France uses tax to put pressure on hepatitis C drug prices
France will tax drugmakers whose costly hepatitis C drugs threaten to throw off course its healthcare budget, the government has said, heaping pressure on pharmaceutical companies like Gilead Sciences to cut their prices.
The Socialist government said it had designed a "progressive contribution scheme" ensuring all patients can access new and more effective treatments against the liver-destroying virus, while limiting the burden of these drugs on state finances.
The government will selectively tax drugmakers when the total cost to the state from their hepatitis C drugs exceeds a certain amount each year, Health Minister Marisol Touraine said, as she unveiled the country's 2015 social security budget bill on Monday.
If social security spending on hepatitis C drugs exceeds 450 million euros ($567 million) in 2014, the makers of those drugs will be taxed based on the revenue they had reaped in excess of that cap, the ministry said in a presentation.
In 2015, the tax will apply beyond a 700 million euro cap, it added.
Details of the new tax should be presented to lawmakers in October and a vote on the budget is due by the end of the year.
Some 200,000 people in France are infected with hepatitis C and treatments for the virus could cost the state-run healthcare system as much as 1 billion euros this year, according to reports in newspapers Le Monde and Les Echos.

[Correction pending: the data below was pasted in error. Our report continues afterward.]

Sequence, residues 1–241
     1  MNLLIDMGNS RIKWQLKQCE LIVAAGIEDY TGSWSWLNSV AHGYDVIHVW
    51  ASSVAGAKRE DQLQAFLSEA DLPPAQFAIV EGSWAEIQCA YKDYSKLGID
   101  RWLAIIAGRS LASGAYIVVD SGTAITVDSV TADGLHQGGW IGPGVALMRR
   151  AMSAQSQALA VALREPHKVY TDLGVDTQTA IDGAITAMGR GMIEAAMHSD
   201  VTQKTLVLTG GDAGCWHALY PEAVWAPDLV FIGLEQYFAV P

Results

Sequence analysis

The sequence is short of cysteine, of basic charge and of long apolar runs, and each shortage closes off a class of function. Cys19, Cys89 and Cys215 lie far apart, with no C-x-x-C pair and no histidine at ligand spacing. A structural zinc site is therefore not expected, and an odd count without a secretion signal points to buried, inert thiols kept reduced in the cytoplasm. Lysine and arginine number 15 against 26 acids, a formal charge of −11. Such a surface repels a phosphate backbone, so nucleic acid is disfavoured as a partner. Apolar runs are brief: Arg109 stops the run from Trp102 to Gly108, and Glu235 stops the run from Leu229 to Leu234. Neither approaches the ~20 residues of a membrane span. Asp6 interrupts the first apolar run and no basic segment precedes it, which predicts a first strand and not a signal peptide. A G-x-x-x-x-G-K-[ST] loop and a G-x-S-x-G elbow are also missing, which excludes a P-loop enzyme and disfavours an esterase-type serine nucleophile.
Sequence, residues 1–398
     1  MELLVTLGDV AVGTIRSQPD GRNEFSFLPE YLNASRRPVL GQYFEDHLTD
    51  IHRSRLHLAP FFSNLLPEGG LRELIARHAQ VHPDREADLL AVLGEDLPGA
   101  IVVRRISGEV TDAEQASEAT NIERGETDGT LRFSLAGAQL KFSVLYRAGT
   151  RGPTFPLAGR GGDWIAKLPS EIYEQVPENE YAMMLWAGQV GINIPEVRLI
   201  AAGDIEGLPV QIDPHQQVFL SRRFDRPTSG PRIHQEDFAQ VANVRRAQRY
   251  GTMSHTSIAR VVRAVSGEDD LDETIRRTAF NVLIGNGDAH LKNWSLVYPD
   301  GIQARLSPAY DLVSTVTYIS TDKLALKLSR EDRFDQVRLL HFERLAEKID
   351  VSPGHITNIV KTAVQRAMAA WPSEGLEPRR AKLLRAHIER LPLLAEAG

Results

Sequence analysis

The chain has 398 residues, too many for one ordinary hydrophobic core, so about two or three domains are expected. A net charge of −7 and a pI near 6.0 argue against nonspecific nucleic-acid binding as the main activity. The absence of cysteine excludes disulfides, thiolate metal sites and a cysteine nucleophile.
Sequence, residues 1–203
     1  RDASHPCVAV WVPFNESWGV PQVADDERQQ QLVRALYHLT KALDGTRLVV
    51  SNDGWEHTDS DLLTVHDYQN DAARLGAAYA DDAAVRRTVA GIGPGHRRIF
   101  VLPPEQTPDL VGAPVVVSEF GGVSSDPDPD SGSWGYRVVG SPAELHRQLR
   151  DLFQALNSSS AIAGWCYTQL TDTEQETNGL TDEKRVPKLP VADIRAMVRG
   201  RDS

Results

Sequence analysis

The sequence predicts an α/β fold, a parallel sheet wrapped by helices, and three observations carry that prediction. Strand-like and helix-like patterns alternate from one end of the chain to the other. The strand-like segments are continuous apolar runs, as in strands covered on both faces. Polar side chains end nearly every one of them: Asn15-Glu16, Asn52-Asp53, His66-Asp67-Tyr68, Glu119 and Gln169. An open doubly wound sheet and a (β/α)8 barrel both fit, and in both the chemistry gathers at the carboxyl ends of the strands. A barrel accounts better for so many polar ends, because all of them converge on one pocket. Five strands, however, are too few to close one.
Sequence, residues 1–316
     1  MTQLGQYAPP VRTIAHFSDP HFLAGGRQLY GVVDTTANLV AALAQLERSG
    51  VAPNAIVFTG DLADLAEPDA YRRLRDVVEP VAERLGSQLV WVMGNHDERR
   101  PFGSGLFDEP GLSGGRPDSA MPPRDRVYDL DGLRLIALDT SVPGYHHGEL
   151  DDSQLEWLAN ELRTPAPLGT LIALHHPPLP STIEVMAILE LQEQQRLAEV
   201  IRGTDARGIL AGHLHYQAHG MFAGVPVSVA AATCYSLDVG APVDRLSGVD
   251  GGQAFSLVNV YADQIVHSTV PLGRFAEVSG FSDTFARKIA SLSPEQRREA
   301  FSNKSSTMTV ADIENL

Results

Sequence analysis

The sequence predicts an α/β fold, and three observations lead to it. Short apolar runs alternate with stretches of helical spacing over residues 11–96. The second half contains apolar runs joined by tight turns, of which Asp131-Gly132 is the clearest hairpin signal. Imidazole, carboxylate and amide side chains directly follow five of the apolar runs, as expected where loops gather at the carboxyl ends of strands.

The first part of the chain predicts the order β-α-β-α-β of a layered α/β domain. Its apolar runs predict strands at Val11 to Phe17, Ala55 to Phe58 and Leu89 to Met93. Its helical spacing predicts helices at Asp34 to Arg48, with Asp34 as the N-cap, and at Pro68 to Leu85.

The ministry declined to comment on any estimates.
LOWER CURE RATES
With its move, France is raising pressure on U.S. biotechnology company Gilead, which obtained regulatory approval for its hepatitis C drug Sovaldi in Europe last January, but is still negotiating its official price in France with representatives of the economy and health ministries.
A representative for Gilead in Europe could not immediately be reached for comment. Gilead has argued that Sovaldi's price is comparable to older medicines that require longer treatment duration with much lower cure rates and nasty side effects.
Sovaldi cures well in excess of 90 percent of patients in as little as eight weeks of treatment. But its price has fueled sharp criticism from governments and private insurers alike.
Sovaldi currently costs around 56,000 euros ($70,000) in France and $84,000 in the United States for 12 weeks of treatment. The U.S. price works out to as much as $1,000 per pill.
Sovaldi is on track to be one of the world's biggest-selling drugs, set to rake in close to $12 billion in revenue in 2014 - its first full year on the market - according to forecasts compiled by Thomson Reuters Cortellis.
Rivals Merck & Co and AbbVie are also racing to develop next-generation hepatitis C treatments that cure most people of the virus in a shorter timeframe.
Hepatitis C virus, or HCV, is spread through blood, often via contaminated needles, and causes cirrhosis and liver cancer. Approximately 150 million people in the world live with the infection, most of them in low and middle-income countries.